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Are we ready for a Cascadia subduction zone earthquake?


The seismic vulnerability of much infrastructure and many homes and workplaces in Washington County, and the limited preparations made so far, suggests that we are not.

Past experience holds insights into the potential impact of a major event here. Once the leading city in the West, San Francisco was 80 percent destroyed by an earthquake and fire in April 1906. Many homes and buildings collapsed; thousands more went up in smoke. Some 3,000 residents perished, a quarter-million became homeless and countless businesses closed or moved. The city lost much manufacturing capacity, population and its place as the pre-eminent Western metropolis.

First responders were blamed by some for the devastating loss of life and property, but culpability lay with elected officials who ignored repeated warnings from their fire chief to upgrade the city’s aging water systems and effect other preparations. They would be condemned for inaction and voted out, but it was too late. Despite heroic efforts by firefighters, the city was doomed before the first alarm sounded.

Let’s hope the same thing doesn’t happen when a subduction zone earthquake strikes the Northwest, because the outcome could be tragic. The San Francisco event lasted just 65 seconds with an estimated magnitude of 7.8 on the Richter scale. A Cascadia quake will rock and roll for five minutes or more (longer than the Bee Gees’ song “Stayin’ Alive”) and register a magnitude as high as 9.3. Since the scale is logarithmic, Cascadia could be 150 times stronger.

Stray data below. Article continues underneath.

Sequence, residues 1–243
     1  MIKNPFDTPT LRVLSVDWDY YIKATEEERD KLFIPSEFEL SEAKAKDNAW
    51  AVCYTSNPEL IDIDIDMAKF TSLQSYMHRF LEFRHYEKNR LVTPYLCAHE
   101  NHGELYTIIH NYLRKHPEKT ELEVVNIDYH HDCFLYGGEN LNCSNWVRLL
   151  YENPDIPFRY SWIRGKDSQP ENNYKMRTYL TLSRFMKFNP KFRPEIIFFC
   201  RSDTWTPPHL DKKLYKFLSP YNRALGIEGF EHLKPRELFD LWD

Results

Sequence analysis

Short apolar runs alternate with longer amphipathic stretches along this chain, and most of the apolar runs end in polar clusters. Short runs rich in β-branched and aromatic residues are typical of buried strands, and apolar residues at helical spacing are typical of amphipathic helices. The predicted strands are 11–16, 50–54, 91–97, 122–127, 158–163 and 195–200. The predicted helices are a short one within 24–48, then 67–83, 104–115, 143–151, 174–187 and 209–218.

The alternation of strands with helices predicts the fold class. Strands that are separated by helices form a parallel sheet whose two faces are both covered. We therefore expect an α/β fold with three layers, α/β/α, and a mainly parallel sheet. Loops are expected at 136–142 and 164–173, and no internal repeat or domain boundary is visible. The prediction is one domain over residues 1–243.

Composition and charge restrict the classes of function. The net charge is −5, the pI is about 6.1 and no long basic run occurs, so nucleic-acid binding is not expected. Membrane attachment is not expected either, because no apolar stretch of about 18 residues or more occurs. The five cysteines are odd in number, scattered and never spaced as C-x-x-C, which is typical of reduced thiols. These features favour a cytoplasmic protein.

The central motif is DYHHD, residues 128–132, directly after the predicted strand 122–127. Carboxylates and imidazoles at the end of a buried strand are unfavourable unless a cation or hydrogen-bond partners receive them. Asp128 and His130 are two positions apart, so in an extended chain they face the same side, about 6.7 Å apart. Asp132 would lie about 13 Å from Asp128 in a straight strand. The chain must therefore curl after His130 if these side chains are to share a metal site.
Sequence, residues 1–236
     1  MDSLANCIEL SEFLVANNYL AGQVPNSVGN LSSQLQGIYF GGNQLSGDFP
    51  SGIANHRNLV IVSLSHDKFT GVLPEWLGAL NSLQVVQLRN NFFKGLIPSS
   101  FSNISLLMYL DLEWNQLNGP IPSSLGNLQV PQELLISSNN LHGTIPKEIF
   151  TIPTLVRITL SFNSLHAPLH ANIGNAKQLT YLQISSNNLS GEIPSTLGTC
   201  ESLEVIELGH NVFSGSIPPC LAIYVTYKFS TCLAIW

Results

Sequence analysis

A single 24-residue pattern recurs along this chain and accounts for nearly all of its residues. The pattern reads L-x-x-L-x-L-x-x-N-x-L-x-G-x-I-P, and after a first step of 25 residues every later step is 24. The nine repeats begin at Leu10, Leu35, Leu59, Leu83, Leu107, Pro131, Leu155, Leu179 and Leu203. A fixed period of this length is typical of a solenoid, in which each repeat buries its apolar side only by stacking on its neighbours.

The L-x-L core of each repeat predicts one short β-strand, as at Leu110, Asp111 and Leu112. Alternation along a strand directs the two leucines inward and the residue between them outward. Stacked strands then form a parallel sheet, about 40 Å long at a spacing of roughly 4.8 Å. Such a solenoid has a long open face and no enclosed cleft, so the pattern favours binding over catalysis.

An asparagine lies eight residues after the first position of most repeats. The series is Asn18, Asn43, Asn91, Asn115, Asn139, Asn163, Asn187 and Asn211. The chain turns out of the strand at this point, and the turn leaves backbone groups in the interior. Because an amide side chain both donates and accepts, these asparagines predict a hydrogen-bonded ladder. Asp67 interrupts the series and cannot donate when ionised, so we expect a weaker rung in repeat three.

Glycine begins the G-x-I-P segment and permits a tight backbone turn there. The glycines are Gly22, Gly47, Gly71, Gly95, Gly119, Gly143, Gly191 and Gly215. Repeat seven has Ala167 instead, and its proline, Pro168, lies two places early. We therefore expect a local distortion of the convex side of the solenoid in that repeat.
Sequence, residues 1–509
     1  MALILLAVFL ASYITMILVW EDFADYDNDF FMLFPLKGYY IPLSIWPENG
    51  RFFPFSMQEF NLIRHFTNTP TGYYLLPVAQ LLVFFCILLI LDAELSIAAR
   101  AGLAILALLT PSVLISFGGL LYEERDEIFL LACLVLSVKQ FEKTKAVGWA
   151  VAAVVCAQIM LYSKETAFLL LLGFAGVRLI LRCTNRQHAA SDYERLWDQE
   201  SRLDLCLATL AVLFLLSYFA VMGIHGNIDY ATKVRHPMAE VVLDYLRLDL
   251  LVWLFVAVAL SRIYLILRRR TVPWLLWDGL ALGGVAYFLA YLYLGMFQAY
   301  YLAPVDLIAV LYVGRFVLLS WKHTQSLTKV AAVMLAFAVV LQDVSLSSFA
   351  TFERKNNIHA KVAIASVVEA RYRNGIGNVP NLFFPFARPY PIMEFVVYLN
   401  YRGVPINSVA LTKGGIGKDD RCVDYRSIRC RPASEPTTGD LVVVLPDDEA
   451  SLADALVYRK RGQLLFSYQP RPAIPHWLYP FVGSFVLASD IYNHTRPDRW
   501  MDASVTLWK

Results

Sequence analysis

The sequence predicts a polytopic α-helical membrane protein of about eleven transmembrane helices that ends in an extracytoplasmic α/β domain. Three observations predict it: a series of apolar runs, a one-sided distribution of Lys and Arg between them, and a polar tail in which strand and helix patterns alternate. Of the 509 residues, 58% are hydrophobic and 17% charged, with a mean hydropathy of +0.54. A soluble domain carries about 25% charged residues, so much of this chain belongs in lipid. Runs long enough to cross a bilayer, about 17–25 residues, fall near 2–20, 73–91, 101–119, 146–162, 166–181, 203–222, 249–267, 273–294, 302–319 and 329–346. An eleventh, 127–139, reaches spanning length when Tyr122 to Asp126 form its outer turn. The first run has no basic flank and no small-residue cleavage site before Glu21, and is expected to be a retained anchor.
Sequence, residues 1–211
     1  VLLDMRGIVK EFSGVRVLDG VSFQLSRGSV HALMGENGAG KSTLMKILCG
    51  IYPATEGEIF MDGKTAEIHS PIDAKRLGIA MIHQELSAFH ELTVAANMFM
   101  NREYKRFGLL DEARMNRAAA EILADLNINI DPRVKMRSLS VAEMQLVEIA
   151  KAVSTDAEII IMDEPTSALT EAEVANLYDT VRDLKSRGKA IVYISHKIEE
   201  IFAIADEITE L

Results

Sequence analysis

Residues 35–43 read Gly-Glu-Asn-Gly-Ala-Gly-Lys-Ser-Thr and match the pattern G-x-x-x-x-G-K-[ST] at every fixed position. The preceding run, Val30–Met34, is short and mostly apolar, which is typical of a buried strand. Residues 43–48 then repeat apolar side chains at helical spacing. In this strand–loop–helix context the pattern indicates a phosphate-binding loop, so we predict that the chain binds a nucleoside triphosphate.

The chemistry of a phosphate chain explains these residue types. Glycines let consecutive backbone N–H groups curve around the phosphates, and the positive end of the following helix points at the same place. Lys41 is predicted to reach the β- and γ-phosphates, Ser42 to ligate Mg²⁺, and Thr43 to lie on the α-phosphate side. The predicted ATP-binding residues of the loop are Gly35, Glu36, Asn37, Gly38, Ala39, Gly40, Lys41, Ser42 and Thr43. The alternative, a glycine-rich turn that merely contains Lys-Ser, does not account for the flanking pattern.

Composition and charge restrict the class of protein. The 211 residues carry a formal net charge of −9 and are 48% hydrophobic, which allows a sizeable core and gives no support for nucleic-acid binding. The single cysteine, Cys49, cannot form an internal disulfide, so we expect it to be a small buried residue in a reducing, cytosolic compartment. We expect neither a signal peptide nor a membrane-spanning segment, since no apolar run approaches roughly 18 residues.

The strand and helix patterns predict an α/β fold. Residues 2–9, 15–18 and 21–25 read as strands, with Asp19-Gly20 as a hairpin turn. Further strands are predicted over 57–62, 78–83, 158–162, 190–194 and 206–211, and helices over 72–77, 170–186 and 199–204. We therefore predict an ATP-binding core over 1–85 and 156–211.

Large earthquakes often trigger fires, ignited by electric arcs and ruptured natural gas lines, which can merge and become uncontrollable if not quickly checked. In some quakes, fires caused more destruction than building-shattering shaking. It was cinder and flame that leveled San Francisco in 1906, Yokohama in 1923 and much of Kobe in 1995.

Should a Cascadia quake damage fire stations and water lines when conditions are right, the result could be a conflagration. Most homes here are of wood frame construction, less vulnerable than masonry but more combustible, packed tightly into the urban growth boundary. Most are not insured against earthquakes or seismically retrofitted.

Several Washington County cities have vulnerable water systems, and a half-dozen fire stations need seismic upgrades. A 2011 Department of Homeland Security analysis found that nearly 900 fire stations in the Northwest would be destroyed by a Cascadia quake, with 31 percent of Oregon fire stations damaged enough to require 18 months to resume normal operations.

Grim statistics notwithstanding, surviving Cascadia and recovering in a reasonable time-frame is possible if officials and business leaders work to mitigate seismic hazards in advance and restart the economy afterward. Action is needed to preserve lives, property and the region’s economic viability.

With a new legislative session under way in Salem, earthquake readiness should be on lawmakers’ radar screens. Bills in committee include HB 2269 and HB 2270, which create a resilience office to oversee earthquake preparation by state agencies; SB 85, authorizing local government loans to upgrade residential buildings and business properties; and SB 95, requiring gas stations to be able to pump fuel if electricity fails. Legislators should implement recommendations of the “Oregon Resilience Plan,” the official guide to earthquake preparation.

Washington County will seismically upgrade several key facilities and should do more. Cities should offer incentives for homeowners to retrofit residences. Voters should approve measures to strengthen infrastructure, especially bridges and water systems. Citizen emergency response teams should be trained. Ongoing publicity campaigns must involve everyone in earthquake preparation.

If we heed lessons of previous seismic catastrophes and plan accordingly, we should not have to repeat the outcomes. Strategically targeted, properly monitored investments by government, the private sector and citizens in earthquake readiness will pay dividends and prevent an inevitable natural disaster from becoming an avoidable tragedy.

Sig Unander is a communications professional who lives in Cornelius.

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